How would one look for and confirm existence of a graviton?

Someone was speaking to me about perhaps one day discovering the graviton, but to me it seems unlikely, although I'm young and essentially quite naive, so am coming to you physicists to ask

  1. What actually is the likelihood of finding it?
  2. How would we find it?
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    $\begingroup$ If you like this question you may also enjoy reading this post. $\endgroup$ – Qmechanic Aug 13 '12 at 22:44

Unfortunately, no physically reasonable detector could ever detect gravitons. For example, a detector with the mass of Jupiter placed in close orbit around a neutron star would only be expected to observe one graviton every 10 years (see the below paper). The few that would be detected would be indistinguishable from the background 'noise', i.e. neutrinos.

See here:


Even though we can't detect individual gravitons, gravitational wave detectors may shed some light on them, since the graviton is the quantum of the gravitational wave (similar to how early 20th century physicists studied the nature of the photon based on properties of light, such as the photoelectric effect.).

  • $\begingroup$ Thanks, are there any experimental physicists that are currently working on any such projects? Or have they pretty much all ruled it out? $\endgroup$ – ODP Aug 13 '12 at 22:33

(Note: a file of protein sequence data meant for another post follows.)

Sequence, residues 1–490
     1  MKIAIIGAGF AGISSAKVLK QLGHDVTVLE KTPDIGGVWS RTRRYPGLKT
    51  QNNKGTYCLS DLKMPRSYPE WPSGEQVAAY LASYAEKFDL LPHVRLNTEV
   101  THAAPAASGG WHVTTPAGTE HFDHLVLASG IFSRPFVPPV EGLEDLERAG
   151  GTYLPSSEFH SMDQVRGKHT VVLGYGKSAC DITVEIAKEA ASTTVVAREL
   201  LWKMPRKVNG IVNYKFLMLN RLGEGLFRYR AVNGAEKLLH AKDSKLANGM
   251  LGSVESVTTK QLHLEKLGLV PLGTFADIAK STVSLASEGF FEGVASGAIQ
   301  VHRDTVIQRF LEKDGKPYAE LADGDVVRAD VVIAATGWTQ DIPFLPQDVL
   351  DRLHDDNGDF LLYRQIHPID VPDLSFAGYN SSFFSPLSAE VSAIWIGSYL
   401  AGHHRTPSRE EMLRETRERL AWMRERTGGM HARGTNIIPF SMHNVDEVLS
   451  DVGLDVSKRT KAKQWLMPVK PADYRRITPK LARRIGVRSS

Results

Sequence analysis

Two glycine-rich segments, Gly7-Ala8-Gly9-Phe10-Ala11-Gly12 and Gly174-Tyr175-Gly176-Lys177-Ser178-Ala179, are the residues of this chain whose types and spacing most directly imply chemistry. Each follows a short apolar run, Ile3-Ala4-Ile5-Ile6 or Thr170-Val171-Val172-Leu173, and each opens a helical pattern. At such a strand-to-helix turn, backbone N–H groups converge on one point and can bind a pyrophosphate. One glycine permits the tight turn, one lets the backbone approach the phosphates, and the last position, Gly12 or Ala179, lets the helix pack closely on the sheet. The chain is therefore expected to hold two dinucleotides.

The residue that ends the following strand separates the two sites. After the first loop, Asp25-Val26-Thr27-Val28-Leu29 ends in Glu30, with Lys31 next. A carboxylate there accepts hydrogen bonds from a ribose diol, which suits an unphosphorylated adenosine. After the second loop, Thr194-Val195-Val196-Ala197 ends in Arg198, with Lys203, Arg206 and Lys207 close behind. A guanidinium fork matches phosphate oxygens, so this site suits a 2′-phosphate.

• $\begingroup$ We certainly haven't ruled gravitational waves out, because we have seen their effects through the Binary Pulsar 1913+16 (astro.cornell.edu/academics/courses/astro201/psr1913.htm) for which the 1993 Nobel Prize in physics was awarded. So, we know they exist (and therefore have very strong confidence gravitons exist in some form). In order to detect GWs, detectors such as LIGO (astro.cornell.edu/academics/courses/astro201/psr1913.htm) have been constructed. LISA (lisa.nasa.gov) is also being planned, which should certainly detect GWs. $\endgroup$ – Mark M Aug 13 '12 at 22:52
  • $\begingroup$ Does not detection of gravitational waves actually amount to detection of gravitons? $\endgroup$ – Anixx Aug 13 '12 at 22:58
  • $\begingroup$ @Annix In my answer, I was referring to direct detection of gravitons. Of course, you may argue that since quantum mechanics requires waves to have quanta with energy proportional to their frequencies (Planck's law, $E = hf$), and since gravitational waves exist, then so must gravitons. $\endgroup$ – Mark M Aug 13 '12 at 23:01
  • $\begingroup$ To me the possibility of detection is highly dependent on graviton's energy. Possibly natural gravitons are difficult to detect but given a source of high-energy gravitons, they would not be that difficult to detect. $\endgroup$ – Anixx Aug 13 '12 at 23:06

This depends on graviton energy and wavelength.

Given a source of a beam of high-frequency gravitons with high luminocity, it would not be difficult to detect one.

The problem is that nature has little sources of high-energy gravitons.


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